About 2,000 people — state officials, local leaders and community members — gathered on the grounds of the Montclair Art Museum on Saturday for Montclair’s biggest Lunar New Year celebration yet.
Organized by the AAPI Montclair, a grassroots organization of Asian American and Pacific Islander residents formed last year, the event was the group’s first Lunar New Year celebration.
Saturday’s celebration also built on the recognition of the holiday encouraged by Vicky Chang, supervisor of world languages and English as a second language for the Montclair School District, who taught Mandarin for 14 years at the school. Nishuane. Chang celebrated the Lunar New Year in his classrooms and later helped organize holiday-marking events at the Montclair Public Library.
The Lunar New Year celebration featured performances from Wu Shu Kung Fu Fitness, Korean drummers, Montclair School District’s Mandarin Program, traditional Korean dance from Choomnoori, and Junior Bees from Hive Dance Studio. Guests could also practice calligraphy, participate in crafts, and participate in an array of vendors.
Amber Reed, a member of AAPI Montclair and one of the organizers, said those involved in the event were unsure how the community would react.
“To see so many people here sharing our traditions and sharing our enthusiasm is really powerful,” Reed said. “We all dream that our children feel a sense of belonging, more belonging than we felt [as children]. And today is a day that has definitely brought that future closer.
Reed, a Korean-American who was adopted, said she didn’t have access to Lunar New Year celebrations when she was growing up. Being part of the AAPI community in Montclair was powerful for her and her family – they discovered teeokguk, a Korean rice cake soup, and her children enjoyed the tradition of bowing to their parents, wishing them well. , she said.
“I love that days like this show my kids that being Asian isn’t a burden,” Reed said. “It is a privilege and a joy. It’s a feeling I don’t think we would have without AAPI Montclair.
Being part of an AAPI community was also something participant Daisy Roble had long wanted, unable to experience it as a child growing up in Rhode Island. Roble said she was thrilled to see her niece performing with the Montclair Mandarin program.
“I was really moved that there were so many people who came out to help celebrate Lunar New Year and really embraced the Asian American culture that thrives here,” Roble said. “Hopefully as we continue there will be more opportunities for events like this as it really shows that people are coming together. And this is very important, especially nowadays.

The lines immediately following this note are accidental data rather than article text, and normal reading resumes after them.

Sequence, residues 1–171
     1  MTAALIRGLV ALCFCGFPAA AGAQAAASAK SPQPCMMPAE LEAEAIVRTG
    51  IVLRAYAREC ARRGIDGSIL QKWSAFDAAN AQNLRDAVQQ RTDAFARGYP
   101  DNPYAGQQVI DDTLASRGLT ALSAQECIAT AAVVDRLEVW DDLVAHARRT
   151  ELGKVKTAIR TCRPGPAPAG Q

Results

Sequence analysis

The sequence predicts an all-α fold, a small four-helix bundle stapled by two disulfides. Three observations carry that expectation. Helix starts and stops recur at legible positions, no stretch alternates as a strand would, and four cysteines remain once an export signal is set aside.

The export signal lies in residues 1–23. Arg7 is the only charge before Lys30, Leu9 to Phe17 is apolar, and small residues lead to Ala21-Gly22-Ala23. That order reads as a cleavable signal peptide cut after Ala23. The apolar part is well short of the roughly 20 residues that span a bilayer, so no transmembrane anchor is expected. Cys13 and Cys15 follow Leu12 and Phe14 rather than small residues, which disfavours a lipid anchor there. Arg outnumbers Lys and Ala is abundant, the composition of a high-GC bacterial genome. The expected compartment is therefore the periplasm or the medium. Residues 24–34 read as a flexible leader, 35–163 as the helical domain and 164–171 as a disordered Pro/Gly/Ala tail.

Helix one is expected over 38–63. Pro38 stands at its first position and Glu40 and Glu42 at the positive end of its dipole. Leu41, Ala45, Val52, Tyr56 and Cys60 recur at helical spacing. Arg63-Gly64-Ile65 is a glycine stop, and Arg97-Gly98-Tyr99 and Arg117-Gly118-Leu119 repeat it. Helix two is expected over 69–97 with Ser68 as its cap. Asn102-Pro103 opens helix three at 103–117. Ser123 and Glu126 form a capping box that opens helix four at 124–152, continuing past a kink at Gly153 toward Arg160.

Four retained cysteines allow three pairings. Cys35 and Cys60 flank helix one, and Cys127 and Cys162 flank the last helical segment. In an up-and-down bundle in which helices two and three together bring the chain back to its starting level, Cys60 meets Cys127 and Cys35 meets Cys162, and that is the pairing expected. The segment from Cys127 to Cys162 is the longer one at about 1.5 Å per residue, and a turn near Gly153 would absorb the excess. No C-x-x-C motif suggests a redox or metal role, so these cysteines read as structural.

Roble’s son, Kai Roble, said he loved seeing his cousin perform in the Dragon Dance Parade. But her favorite part of the day was watching the swift work of master paper cutter Hou-Tien Cheng. Practicing the traditional Chinese art of paper-cutting that he learned as a child in Taiwan, Cheng made Kai a dragon, in honor of his cousin’s dragon dance.
“I know the Asian American community – the AAPI community – we’ve been through a lot in the last year,” Kim told the crowd, with her son in her arms. “But what we recognize is that when we come together and we have this community, it’s something worth fighting for.”
Montclair is stronger because of its diversity, Mayor Sean Spiller said during the celebration.
“I can’t think of a better place than Montclair to celebrate the breakthroughs we’re seeing,” Spiller said. “Communities like this are the model of our strength when we raise every voice, when we celebrate our differences and understand that this is the core of our strength.”
“Thank you to AAPI Montclair for the work you have done to advance the AAPI Education Bill,” the proclamation reads. “Throughout Parliament we were more than happy to sign it as soon as it hit our desks, but the job couldn’t have been done without great leaders, like you.”
Earlier this month, the Montclair School Board agreed, for the first time, to make Lunar New Year a district holiday – give students in future years whenever the holiday falls on a weekday.
The AAPI Montclair formed in the spring of 2021 in response to rising anti-Asian hatred in Montclair and across the country. The May 2021 Lantern Festival for Justice and Remembrance marked its first community event.
Amber Reed is married to Montclair local board member Justin Jamail.
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